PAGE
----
• The application enables to route the traffic to other masters rather than only a single master.

Cons:

  • Complexity is the major con of multi-master replication. 
  • As simultaneous writes on multiple nodes are possible conflict resolution becomes difficult.
  • Sometimes, conflict requires manual intervention. 
  • Probability of data inconsistency.

Alternative Multi-Master Replication Solutions 

There are multiple categories of open-source, closed-source, free, and paid solutions that can be used for multi-master Postgres replication. 

Let’s have a brief look at these:

  1. xDB

xDB is developed by EnterpriseDB. It is a bi-directional replication solution and is based on the protocol on EnterpriseDB. No design information is known to the world as it is a closed-source solution

  • Developed in Java.
  • Close-sourced source code.
  • There are multiple executable programs in the xDB Replication Server.
  • People complained about its performance as it is developed in Java.
  1. PostgreSQL XC/XC2

Developed by EnterpriseDB and NTT, PostgreSQL-XC is a synchronous replication solution. This open-source project offers a write-scalable, symmetric, and synchronous PostgreSQL cluster solution. There has not been much development in PostgreSQL-XC for a long time. Currently, Huawei is working on it. Performance has improved little bit for OLAP, but it is not effective for TPS.

  1. PostgreSQL XL

A fork of PostgreSQL-XC, PostgreSQL XL is currently supported by 2ndQuadrant. It is based on PostgreSQL 10.6. It is very good for OLAP, but not for High TPS.

  1. Rubyrep

It is an asynchronous master-master replication and claims the easiest configuration and setup. It is developed by Arndt Lehmann. It works across various platforms, including Windows. It operates on two servers, referred to as “left” and “right”. So it is a “2-master” setup rather than a “multi-master”.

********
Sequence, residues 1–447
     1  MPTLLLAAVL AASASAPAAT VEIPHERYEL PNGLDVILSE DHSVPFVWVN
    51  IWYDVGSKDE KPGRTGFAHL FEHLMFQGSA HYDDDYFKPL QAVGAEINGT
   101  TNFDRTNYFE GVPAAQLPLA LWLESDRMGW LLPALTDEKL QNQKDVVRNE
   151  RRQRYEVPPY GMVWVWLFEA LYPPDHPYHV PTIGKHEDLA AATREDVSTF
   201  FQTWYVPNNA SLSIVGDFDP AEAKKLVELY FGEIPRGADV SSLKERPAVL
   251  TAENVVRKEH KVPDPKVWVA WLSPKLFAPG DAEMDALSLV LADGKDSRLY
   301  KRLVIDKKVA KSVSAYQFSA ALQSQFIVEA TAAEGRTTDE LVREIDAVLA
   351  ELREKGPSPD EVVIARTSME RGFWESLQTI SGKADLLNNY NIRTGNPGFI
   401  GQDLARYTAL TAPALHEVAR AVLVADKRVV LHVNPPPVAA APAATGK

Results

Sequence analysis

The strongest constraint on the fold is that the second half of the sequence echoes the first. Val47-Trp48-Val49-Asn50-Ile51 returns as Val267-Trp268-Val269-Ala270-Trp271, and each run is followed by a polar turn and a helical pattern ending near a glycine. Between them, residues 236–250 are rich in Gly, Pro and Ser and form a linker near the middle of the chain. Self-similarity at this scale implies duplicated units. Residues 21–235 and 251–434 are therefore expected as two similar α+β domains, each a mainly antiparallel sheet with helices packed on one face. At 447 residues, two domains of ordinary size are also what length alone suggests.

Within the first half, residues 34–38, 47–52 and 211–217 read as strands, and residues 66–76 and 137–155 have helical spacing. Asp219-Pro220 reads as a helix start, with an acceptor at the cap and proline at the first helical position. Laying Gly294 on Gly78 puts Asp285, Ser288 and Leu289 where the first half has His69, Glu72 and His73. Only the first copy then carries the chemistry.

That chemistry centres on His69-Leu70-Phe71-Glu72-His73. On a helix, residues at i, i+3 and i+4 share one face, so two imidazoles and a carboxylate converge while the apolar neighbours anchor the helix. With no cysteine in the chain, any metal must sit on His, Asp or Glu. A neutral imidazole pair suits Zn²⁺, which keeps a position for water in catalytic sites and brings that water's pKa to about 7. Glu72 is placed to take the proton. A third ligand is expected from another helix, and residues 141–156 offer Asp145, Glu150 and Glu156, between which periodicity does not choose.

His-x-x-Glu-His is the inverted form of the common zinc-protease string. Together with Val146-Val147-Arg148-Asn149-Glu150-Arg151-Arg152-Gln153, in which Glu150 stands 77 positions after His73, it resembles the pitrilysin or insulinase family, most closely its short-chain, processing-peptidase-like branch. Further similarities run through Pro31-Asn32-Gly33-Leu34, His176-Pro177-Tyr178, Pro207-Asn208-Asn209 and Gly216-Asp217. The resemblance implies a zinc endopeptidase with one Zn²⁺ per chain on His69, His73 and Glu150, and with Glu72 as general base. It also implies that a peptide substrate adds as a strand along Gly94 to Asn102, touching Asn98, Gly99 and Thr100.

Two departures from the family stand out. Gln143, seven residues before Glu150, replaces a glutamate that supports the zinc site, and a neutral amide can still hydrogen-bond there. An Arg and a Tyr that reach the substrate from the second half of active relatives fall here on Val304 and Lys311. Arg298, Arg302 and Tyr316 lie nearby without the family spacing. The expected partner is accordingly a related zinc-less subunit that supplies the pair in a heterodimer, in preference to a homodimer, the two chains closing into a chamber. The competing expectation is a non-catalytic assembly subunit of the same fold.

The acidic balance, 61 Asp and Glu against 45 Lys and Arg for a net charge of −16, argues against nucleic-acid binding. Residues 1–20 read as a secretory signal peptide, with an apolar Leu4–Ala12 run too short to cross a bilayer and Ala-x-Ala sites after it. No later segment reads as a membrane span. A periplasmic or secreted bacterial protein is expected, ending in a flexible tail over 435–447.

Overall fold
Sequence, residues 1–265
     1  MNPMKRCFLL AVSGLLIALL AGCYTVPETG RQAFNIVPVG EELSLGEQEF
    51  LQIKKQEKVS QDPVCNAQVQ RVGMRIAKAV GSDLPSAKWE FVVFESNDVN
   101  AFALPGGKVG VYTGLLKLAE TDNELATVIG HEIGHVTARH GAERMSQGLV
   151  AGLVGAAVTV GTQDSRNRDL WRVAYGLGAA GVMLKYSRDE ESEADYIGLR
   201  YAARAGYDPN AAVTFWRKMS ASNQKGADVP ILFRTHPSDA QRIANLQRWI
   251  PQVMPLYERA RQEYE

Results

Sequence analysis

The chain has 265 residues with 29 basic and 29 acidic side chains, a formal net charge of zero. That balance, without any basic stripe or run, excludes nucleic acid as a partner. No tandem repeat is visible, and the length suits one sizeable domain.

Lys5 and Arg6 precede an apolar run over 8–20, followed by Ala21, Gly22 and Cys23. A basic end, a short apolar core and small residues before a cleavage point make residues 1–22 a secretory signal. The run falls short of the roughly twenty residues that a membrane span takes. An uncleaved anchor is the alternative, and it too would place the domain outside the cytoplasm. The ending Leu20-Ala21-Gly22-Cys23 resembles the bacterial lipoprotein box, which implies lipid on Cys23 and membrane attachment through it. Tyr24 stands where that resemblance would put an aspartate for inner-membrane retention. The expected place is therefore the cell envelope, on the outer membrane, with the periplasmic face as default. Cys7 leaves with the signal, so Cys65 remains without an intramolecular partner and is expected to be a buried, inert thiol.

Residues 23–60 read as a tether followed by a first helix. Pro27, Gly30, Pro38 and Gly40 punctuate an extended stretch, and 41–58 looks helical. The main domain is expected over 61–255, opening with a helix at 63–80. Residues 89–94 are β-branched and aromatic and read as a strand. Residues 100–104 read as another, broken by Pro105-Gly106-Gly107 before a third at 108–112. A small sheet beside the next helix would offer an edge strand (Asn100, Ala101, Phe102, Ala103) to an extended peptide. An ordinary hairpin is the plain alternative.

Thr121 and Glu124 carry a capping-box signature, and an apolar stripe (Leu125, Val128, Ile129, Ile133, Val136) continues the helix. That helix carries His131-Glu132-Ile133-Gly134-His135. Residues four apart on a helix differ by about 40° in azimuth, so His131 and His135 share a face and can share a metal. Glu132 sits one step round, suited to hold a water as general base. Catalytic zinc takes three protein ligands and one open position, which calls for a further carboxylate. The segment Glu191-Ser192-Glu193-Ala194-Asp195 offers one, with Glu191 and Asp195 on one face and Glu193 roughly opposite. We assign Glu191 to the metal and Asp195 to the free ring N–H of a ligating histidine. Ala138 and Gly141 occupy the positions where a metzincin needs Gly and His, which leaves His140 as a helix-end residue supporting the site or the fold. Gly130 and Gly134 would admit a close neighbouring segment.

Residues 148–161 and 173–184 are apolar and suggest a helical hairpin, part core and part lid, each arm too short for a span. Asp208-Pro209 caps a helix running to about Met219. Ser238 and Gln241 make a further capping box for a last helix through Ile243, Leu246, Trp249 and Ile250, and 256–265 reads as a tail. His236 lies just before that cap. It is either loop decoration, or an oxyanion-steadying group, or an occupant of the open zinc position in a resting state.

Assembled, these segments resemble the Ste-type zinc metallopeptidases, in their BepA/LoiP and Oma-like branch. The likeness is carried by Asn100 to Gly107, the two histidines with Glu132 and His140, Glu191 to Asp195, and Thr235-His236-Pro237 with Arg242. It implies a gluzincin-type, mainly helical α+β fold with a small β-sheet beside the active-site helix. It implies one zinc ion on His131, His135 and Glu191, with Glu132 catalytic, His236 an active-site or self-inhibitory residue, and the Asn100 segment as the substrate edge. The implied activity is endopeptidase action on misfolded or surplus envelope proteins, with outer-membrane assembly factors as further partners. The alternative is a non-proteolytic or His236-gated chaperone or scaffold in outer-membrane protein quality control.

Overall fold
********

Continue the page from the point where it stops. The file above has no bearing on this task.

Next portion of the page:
• It constantly replicates changes between the right and left databases.
  • Automatically sets up necessary triggers, log tables, etc., discovers newly added tables, and synchronizes the table content
  • Automatically reconfigures sequences to avoid duplicate key conflicts
  • Tracks any changes to the primary key column. It can also implement both master-master and master-slave replication
  • It has Pre Built conflict resolution methods: left/right wins; earlier / later change wins
  • Ruby code snippets can be used for custom conflict resolution specifiable via 
  • Rubyrep event log table can be used for Replication decisions to be logged in.
  1. Bucardo

Developed by Jon Jensen and Greg Sabino Mullane of End Point Corporation, it is a trigger-based replication solution in which a Perl daemon listens to NOTIFY requests and acts on them. The daemon is notified of Changes on tables that are recorded in a table (bucardo_delta). It uses standard or custom conflict handlers to sort out conflicts.

Conclusion

This article provides a comprehensive guide on the PostgreSQL replication master-master or PostgreSQL multi-master replication. The above steps are by no means complete. There are several complications you will run into when dealing with sequences, installations, upgrades between versions while online, and testing the failover process.

You can find a complete and comprehensive guide in PostgreSQL 12 High Availability Cookbook. This book goes into great detail not just on PostgreSQL multi-master replication but on several other ways to design highly available servers.  

In any case, PostgreSQL multi-master replication requires a lot of technical understanding and learning. But Hevo can help you out with these challenges. Hevo Data, a No-code Data Pipeline can help you replicate data in real-time without having to write any code.

Hevo being a fully managed system provides a highly secure automated solution to help perform replication in just a few clicks using its interactive UI.

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Nikhil Annadanam
Freelance Technical Content Writer, Hevo Data

Nikhil specializes in freelance writing within the data industry, delivering informative and engaging content related to data science by blending his problem solving ability.